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The role of fabric structures in architecture (Part 1)

May 1st, 2015 / By: / Feature

308bFabric structures are a superior choice in many types of applications.

By Samuel J. Armijos, AIA, President, Fabric Architect LLC

Fabric structures have played and continue to play a huge role in architecture. Thirty years ago, the Haj Terminal in Saudi Arabia was on the cover of design and construction magazines all over the world. And the idea of creating modern tents for the modern nomad was the future. Sport stadiums were being enclosed with air structure roofs, and even traditional camping and party tents were getting a makeover.

New, pliable materials were being introduced for covering retail malls, Olympic venues and World Fair pavilions. These unique structures were built in Asia, Europe, Australia and the United States, and there was no limit for the use of the new materials.

Construction was booming worldwide—but it couldn’t last forever. And it didn’t. Money got tight and sustainability became a key word in the building industry. Buildings and materials needed to be environmentally friendly and their cost would be judged by their ability to provide physical, social and environmental benefits to the owner and its users.
Today, there are so many materials for designers to choose from. Why fabric? Which fabric? How do I get started? What’s the process?

Why fabric?
Places like schoolyards, sport fields and parking lots are areas that can get too hot for anyone. Trees can be added, sunblock can be used, but playground equipment gets hot, metal bleachers cause burns, and car interiors are unsafe after long hours of exposure to the sun.

What fabric structures solve for designers is a unique form of shelter that can be easily incorporated into space. Most importantly, these structures protect people from harmful UV rays, wind and rain. A shade structure over a playground shades children, their parents and pets. Covered bleachers at a sport stadium provide comfort to spectators and athletes. Fabric-covered-parking and equipment structures are ideal for keeping cars and mechanical systems cool and protect them from the elements.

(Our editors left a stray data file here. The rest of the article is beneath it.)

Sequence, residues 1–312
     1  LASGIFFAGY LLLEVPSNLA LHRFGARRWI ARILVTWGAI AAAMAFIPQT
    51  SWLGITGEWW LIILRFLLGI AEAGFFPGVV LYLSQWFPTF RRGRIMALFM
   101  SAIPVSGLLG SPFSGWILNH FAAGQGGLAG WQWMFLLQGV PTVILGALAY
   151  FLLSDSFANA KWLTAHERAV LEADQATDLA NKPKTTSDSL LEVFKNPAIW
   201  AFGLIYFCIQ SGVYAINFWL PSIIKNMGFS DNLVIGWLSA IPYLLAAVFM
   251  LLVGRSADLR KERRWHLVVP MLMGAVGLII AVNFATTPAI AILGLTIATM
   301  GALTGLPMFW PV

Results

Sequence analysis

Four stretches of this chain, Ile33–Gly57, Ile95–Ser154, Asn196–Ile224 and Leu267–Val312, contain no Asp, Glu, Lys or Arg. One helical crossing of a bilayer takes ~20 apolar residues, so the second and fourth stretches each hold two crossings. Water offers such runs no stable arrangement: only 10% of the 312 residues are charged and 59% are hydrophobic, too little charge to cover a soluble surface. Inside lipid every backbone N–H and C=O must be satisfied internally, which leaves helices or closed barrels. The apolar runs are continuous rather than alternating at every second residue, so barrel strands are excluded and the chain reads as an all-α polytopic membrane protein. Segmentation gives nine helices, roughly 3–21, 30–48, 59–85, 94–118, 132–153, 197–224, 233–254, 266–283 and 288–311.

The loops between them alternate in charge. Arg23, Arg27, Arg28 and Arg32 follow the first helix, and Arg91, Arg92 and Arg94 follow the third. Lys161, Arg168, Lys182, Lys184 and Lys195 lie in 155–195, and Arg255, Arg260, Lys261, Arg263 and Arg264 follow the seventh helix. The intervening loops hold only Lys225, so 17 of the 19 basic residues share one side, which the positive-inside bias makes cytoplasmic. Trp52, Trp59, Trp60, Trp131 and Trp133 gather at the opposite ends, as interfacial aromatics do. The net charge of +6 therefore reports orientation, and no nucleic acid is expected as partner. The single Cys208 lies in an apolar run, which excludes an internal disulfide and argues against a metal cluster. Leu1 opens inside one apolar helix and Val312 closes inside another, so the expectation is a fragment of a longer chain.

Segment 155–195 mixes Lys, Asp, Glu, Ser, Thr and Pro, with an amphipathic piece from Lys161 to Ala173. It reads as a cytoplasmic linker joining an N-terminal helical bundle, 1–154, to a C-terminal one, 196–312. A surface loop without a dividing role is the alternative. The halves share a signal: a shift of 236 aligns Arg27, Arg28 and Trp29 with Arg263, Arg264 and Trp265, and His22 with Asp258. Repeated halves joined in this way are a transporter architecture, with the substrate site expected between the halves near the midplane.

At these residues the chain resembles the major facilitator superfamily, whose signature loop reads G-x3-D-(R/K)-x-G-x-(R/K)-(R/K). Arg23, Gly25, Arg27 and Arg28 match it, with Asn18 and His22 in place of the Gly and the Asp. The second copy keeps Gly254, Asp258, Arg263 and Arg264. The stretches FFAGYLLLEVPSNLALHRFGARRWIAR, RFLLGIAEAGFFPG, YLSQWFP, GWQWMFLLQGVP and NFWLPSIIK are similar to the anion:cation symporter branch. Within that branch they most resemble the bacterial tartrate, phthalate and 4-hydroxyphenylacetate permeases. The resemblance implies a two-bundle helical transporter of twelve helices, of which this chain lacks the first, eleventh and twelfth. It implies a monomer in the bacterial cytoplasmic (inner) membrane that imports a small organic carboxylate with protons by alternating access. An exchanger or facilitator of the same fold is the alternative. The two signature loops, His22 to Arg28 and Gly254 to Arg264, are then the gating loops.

Many sports are played indoors in pre-engineered buildings that require artificial lighting because the roof is made of a material that does not allow in natural daylight. However, playing in a fabric structure with a roof made of a translucent membrane that lets in natural daylight and reduces utility bills makes a lot of sense to building owners.

Fabric structures are used to transform an existing or a new building face. A blank wall, a south-facing curtain wall, or a dated parking garage all offer potential beyond their surfaces. An old parking garage face can be transformed with a new aesthetically pleasing textile façade, which then can change the look of a downtown. The idea of branding or advertising on a building has become common, and fabric is the primary building material of choice. For smart buildings and active building enclosures, a vertical membrane designed as an exterior shading device or a climate-controlling skin can improve energy performance.

Fabric structures continue to play a role in special events, whether it’s the Super Bowl, tennis tournaments or rock concerts. Retractable roof structures big enough to cover performers and the audience keep the show going. Rainouts are no longer an option, and rescheduling can affect millions. Fabric structures to the rescue.

The need to be green
A green trend is now a requirement. To be sustainable, recyclable materials, designed to reduce the carbon footprint and reduce the amount of energy required to have human comfort, must be considered. Fabric structures use materials that are recyclable or have little impact on landfills. Fabric structures do not use much energy to manufacture or install. Designed properly, these structures not only provide shade, but collect water, solar energy and make a huge impact to the bottom line.

Samuel J. Armijos, AIA, is an architect and the author of “Fabric Architecture: A Visual Resource for Shade, Signage and Shelter.” He is director of the consulting firm FabricArchitect.com.

Part 2 of the article will appear next month and will focus on fabric options, and the design-build process.

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